Strathcona’s Continuous Learning Program has heightened our awareness of the positive power that technology has in our daily lives. It enabled us to continue to deliver education through three lockdowns and, very importantly, to communicate and maintain connections and a sense of community.
However, there is a dark side. With our students so much online and isolated in their homes in recent months, the School has found that warnings about online grooming needs to be amplified. While the School will do all it can, it is important that parents understand the online world of teenagers as much as possible. Most of the timing of these communications occur at home, probably when the girls are in their homes. Banning technology completely or confiscating devices is not necessarily the answer and can lead to girls being secretive with parents, when they most need the guidance of adults.
Parents are encouraged to take the time to listen to Susan McLean (informative video). I have heard her speak many times – she is a straight talker, and she is constantly supporting young people and their families when things go wrong. Good girls, who have great track records and loving parents, can make poor decisions. They are young, naive and inexperienced. Try to communicate to the girls that, if they make a poor decision online, to talk to you about it so that you can assist in attempting to sort it out. For our parents who need assistance in understanding the tech side, we encourage them to speak to our Head of Digital Learning and Innovation.
This week Strathcona shared an online parent information session, in which useful insights into managing online risks with daughters were outlined.
Some useful points to make when you are speaking with your children:
- The awful reality is that there are people – paedophiles – online who will cause harm to children and teenagers.
- Any app or social media platform that allows two people to communicate with each other is a place where potential offenders can groom your child.
- Apps that are popular with children or teens are where online offenders go to attempt to gain the trust of a minor.
- Grooming begins with trust-building: as soon as a child replies to communication from a stranger (often presenting as someone the same age), the process can begin; the child is rarely aware of what is occurring.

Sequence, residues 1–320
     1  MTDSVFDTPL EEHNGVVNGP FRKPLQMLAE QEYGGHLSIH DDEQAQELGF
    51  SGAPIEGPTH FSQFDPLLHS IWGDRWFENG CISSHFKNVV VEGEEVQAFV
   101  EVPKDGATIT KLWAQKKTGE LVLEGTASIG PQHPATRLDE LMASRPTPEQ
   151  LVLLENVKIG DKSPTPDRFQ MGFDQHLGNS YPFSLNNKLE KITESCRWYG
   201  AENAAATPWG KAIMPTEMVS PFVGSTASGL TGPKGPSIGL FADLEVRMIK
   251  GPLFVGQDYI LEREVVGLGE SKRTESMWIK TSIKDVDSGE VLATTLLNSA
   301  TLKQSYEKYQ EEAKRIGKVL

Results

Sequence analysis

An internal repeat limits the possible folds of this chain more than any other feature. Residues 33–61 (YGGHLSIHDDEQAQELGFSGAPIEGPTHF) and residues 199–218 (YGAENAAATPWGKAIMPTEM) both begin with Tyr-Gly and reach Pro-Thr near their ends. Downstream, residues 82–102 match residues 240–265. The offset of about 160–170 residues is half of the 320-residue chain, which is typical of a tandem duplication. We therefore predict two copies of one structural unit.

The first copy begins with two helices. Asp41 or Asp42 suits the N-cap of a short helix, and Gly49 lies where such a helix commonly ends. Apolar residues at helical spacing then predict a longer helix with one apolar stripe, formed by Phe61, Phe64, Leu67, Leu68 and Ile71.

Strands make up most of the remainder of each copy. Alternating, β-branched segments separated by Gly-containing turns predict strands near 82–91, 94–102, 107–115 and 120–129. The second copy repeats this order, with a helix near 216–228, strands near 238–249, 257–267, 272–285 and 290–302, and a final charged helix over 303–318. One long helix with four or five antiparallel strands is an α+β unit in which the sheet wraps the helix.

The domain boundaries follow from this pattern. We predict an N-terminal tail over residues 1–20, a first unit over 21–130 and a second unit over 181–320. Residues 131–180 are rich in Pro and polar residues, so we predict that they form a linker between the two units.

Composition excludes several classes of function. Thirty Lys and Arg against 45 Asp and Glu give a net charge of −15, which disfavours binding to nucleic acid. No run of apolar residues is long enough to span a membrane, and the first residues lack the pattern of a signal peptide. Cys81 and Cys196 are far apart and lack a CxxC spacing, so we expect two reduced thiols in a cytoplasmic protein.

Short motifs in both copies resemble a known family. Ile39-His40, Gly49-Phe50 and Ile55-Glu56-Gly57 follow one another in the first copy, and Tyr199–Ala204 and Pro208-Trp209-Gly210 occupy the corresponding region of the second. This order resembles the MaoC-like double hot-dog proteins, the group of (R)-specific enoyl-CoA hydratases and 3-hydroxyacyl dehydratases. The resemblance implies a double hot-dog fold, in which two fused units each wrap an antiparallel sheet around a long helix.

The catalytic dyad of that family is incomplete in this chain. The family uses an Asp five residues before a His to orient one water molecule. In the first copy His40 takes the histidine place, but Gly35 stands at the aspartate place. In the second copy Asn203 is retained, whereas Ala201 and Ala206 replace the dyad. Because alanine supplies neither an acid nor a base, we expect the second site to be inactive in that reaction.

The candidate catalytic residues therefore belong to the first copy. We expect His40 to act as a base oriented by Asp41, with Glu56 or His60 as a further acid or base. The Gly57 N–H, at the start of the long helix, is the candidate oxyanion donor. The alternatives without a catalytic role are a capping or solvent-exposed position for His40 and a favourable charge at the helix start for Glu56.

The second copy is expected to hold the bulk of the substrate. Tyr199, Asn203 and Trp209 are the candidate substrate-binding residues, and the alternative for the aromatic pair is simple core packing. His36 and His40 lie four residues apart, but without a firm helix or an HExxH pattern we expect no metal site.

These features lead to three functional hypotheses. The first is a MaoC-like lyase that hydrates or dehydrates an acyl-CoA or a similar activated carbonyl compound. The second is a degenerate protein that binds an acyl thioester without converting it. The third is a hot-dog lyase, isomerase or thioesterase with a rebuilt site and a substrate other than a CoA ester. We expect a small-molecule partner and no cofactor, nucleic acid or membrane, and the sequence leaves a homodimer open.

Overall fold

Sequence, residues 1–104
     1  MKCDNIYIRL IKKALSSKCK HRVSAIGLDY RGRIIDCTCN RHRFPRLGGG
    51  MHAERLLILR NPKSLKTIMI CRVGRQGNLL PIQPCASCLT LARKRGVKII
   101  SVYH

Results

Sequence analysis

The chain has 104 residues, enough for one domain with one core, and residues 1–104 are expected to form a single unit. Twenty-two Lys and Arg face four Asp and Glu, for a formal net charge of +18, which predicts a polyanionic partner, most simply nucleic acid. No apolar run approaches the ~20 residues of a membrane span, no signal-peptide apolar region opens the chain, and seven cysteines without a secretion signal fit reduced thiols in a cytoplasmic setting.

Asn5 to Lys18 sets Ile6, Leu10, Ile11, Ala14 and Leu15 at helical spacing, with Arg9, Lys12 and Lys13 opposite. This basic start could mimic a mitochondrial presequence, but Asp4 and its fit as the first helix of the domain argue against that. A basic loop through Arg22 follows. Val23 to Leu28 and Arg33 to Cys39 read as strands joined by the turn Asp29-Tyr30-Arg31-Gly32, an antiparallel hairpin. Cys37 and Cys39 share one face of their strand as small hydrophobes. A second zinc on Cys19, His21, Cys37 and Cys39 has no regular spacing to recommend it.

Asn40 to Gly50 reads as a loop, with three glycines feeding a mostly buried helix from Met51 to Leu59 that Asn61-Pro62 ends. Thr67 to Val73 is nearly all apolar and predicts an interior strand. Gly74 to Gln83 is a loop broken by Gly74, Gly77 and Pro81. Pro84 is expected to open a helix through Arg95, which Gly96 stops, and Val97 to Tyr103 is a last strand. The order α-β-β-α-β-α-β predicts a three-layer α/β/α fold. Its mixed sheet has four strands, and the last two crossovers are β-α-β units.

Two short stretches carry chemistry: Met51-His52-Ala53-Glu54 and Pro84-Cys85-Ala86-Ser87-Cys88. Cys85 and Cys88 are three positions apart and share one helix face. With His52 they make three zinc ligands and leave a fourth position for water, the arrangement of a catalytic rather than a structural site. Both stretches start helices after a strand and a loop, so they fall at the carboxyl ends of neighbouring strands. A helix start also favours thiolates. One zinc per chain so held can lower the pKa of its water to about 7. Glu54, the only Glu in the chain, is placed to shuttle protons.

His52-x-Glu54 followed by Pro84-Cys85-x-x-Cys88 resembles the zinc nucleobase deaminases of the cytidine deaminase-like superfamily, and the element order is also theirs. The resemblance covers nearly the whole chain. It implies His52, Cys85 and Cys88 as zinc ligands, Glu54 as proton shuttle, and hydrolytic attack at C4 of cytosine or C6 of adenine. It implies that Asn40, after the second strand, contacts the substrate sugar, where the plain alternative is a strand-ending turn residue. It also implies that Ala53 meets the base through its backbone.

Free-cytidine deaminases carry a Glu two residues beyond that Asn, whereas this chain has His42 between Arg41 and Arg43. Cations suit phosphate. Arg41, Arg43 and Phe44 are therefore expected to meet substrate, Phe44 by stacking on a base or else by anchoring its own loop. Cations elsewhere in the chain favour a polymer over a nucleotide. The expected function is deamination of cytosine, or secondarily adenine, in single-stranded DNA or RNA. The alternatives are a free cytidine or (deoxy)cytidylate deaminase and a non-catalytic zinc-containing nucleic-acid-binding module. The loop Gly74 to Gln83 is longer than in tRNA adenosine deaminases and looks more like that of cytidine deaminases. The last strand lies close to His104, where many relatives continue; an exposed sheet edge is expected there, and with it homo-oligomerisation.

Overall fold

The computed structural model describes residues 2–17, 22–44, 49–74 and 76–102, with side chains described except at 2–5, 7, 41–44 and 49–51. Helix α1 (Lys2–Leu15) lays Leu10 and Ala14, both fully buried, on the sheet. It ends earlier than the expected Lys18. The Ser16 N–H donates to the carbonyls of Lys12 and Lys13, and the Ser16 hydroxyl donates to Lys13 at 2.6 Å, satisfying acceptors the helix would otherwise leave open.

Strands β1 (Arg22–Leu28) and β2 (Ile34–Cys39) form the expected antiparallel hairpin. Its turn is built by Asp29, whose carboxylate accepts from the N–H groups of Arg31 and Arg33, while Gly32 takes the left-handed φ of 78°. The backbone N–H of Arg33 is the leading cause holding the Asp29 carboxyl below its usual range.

- It is important that parents:
- have ongoing, open and honest conversations about the risks of the online world and what is not ok when communicating on social media (it is not ok to be asked for a naked photo or to be sent a naked photo of someone else);
- ensure all devices and cameras are out of bedrooms and bathrooms at all times; they should only be used in communal areas of the house;
- reinforce that their children should only ever engage with people online that they know and trust in the real world.
- There is no such thing as privacy or anonymity online. There is a perception of anonymity that comes from being able to change privacy settings, however nothing that is created or shared via the Internet is actually private or completely deleteable.
- The Internet is a public place.
- Be aware that a site called ‘Omegle’ is a site, and related app, that puts you in a chat room with someone you do not know. Often users start asking for personal information. Language is uncensored and sexual activity is common. This is a dangerous site that is not appropriate for under 18 year olds. Any social media or website similar to this, where contact with strangers can occur, represents a significant risk to children and teens.
- One of Australia’s foremost experts is Susan McLean and she has an informative video (outlining the risks associated with online strangers and grooming).
- Common Sense Media is a great resource that reviews popular apps and websites. Parents can use this to search for apps their children want to use, and assess their risk.
Young people have been through a lot over the last year and, in some cases, their judgement and decision-making is not as good as it might be. We encourage all parents to be proactive in this space.